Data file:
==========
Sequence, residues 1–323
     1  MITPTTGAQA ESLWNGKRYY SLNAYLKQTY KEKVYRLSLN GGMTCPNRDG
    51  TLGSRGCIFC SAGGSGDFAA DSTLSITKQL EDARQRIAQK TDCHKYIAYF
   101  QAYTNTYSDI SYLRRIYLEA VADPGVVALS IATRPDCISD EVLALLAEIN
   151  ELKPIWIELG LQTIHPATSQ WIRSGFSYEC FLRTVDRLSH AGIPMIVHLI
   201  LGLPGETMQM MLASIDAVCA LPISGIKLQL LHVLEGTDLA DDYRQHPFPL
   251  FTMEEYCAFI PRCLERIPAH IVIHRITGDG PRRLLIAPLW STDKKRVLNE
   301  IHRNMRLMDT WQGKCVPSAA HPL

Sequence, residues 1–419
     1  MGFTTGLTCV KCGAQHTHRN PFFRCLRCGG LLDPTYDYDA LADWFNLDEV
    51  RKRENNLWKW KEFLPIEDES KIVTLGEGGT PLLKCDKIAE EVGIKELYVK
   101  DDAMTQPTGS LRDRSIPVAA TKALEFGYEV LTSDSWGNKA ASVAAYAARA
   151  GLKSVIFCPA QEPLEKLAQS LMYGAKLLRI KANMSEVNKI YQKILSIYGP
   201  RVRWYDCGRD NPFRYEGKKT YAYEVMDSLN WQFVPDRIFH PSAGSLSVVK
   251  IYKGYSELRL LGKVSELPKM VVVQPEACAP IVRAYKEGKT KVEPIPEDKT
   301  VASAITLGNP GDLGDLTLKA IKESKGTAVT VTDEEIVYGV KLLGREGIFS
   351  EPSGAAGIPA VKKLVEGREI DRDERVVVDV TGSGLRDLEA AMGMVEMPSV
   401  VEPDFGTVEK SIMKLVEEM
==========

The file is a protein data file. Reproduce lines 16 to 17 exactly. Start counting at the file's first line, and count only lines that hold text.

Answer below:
   301  VASAITLGNP GDLGDLTLKA IKESKGTAVT VTDEEIVYGV KLLGREGIFS
   351  EPSGAAGIPA VKKLVEGREI DRDERVVVDV TGSGLRDLEA AMGMVEMPSV